Wow someone with the same beliefs as me! I've asked many many people on here what religion this is associated with and none have been able to give an answer. Alot of people have this belief though. My family have these beliefs and I know a few others too so I'm sure there is a name for it someway. Maybe it's a mix of different religions? I'll let you know if I find out. :)
Reply

Eesa Abdullah
03-01-2007, 09:48 PM
Originally Posted by Grace Seeker
There is more to being a Christian than just saying that you are a believer/follower/respector/observer (pick a term) of some of Christ's teachings. Christians live in relationship with God through Jesus Christ, which means participation in both his message AND his mission -- that mission includes all three of the following: recognition of his incarnation, repentance of one's own sin in the face of the reality of the Cross, and rejoicing in new life realized in us through the experience of the Resurrection.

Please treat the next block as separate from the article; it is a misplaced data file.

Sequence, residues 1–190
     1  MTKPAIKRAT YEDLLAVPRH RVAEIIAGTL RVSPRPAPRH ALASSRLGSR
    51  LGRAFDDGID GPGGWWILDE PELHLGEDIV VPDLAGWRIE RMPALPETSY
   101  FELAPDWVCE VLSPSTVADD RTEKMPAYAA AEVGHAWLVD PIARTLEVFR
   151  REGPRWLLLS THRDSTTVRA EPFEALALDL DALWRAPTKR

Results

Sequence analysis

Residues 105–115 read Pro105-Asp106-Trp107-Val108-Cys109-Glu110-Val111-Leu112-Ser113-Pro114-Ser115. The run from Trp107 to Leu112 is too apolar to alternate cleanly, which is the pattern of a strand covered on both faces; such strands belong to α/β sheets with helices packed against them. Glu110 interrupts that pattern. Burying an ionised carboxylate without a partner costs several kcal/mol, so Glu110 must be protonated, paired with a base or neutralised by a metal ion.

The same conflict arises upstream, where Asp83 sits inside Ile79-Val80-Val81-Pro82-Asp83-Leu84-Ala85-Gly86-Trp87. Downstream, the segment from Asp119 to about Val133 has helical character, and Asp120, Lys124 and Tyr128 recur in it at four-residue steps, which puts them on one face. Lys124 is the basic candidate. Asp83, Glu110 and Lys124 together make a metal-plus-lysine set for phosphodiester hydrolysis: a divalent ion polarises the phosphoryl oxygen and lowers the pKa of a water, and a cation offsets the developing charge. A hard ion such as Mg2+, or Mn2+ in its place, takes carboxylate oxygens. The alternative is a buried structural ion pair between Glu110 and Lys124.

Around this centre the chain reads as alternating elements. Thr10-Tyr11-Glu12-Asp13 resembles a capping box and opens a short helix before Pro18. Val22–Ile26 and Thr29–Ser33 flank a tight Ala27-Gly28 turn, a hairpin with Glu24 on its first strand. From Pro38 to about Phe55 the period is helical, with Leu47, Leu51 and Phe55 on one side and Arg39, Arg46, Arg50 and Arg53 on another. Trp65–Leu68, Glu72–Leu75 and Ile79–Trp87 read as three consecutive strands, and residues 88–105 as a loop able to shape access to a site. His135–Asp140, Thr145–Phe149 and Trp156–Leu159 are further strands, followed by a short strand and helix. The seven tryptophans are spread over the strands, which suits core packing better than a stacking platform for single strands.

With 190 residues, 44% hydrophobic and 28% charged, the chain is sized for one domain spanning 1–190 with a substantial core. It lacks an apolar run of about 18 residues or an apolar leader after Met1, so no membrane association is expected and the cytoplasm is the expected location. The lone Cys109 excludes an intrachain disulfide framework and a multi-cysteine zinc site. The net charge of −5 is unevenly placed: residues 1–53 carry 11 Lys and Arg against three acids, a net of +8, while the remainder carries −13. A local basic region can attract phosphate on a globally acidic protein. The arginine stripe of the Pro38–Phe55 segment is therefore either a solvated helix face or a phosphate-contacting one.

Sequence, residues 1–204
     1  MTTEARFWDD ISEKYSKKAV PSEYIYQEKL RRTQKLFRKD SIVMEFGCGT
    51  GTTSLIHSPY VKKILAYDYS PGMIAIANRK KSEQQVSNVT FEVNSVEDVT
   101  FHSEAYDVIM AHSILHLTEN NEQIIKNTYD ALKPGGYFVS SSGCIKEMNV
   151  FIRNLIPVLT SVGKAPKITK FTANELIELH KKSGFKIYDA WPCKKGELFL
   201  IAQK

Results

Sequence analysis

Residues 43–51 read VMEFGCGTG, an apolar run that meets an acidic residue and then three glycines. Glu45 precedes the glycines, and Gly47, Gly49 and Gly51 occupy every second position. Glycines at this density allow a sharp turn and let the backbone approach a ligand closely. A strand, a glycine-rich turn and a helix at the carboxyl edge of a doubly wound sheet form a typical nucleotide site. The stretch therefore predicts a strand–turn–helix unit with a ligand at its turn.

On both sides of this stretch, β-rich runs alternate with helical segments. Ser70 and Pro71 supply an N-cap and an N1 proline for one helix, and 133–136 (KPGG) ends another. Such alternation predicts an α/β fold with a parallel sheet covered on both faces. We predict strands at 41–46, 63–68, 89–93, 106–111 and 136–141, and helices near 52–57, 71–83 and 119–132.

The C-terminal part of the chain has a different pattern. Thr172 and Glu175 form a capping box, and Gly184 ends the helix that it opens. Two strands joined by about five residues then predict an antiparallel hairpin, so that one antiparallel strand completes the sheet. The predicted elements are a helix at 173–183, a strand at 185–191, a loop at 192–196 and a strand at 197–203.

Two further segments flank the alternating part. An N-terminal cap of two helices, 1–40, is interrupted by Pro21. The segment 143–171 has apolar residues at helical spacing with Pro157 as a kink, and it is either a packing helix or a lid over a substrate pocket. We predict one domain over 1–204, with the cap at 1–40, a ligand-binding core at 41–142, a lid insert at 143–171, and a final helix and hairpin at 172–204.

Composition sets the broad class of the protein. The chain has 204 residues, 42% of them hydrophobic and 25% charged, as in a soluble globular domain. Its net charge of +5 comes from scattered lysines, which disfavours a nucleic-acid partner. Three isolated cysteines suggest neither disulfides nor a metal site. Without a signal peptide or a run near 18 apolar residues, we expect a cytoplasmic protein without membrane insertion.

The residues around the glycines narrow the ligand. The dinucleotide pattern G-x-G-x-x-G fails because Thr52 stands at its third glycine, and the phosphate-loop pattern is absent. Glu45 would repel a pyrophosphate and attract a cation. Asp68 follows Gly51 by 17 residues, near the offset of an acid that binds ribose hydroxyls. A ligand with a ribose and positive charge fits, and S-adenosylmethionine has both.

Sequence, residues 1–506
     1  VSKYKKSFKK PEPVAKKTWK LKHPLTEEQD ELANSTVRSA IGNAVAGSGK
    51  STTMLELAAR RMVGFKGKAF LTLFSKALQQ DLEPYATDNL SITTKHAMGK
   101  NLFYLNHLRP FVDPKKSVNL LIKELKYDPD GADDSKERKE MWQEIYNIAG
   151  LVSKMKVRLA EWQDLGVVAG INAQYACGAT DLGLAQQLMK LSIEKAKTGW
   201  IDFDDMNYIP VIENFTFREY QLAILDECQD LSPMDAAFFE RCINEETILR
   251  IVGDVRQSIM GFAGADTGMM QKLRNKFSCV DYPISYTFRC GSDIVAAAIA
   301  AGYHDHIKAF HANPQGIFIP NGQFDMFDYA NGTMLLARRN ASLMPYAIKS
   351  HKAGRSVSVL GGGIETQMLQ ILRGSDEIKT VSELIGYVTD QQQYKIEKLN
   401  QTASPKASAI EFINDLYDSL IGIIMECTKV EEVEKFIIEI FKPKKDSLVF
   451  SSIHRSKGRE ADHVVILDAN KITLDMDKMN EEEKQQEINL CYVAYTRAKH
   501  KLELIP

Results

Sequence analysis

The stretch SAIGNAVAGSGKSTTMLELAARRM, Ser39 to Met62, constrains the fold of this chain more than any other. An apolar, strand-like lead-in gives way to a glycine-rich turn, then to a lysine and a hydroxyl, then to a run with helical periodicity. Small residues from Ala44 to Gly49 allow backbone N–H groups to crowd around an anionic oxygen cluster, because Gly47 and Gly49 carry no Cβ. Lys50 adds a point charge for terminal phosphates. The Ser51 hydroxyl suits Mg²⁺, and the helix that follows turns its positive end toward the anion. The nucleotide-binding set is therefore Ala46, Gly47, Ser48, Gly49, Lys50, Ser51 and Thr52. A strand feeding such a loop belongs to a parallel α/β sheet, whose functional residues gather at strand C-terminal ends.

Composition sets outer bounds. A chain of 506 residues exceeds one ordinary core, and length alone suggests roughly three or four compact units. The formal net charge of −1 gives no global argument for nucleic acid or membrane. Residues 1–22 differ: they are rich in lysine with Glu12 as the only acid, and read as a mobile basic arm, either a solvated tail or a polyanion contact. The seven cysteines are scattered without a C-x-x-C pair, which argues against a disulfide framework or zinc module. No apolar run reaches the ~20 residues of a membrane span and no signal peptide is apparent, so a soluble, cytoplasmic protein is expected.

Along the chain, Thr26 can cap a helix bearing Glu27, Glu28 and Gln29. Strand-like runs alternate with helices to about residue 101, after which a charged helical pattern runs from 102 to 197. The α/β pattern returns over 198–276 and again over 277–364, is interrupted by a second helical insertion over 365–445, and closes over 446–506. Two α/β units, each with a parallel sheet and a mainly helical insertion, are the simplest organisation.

Anything short of this is another religion. It is not historic, orthodox Christianity.
bismillah

Greetings and thanks for the response. However, I would have to disagree with the above.... so a Christian is not a Christian if he/she does not believe in the incarnation?

That is a very shaky claim. That is interesting however, in the case with the Unitarians, they believe that he was indeed the Son of God and was crucified, I do not see the difference between the two. I have a friend who is a Unitarian and she is glad to call herself a Christian, but she forsakes the notion that Jesus is God incarnate.

************************************************** *******

As far as their beliefs they do differ from Trinitarian Christianity thus:

1) the belief that human nature in its present condition is neither inherently corrupt nor depraved, but exactly as God created it and intended it to be from the beginning, capable of both good and evil;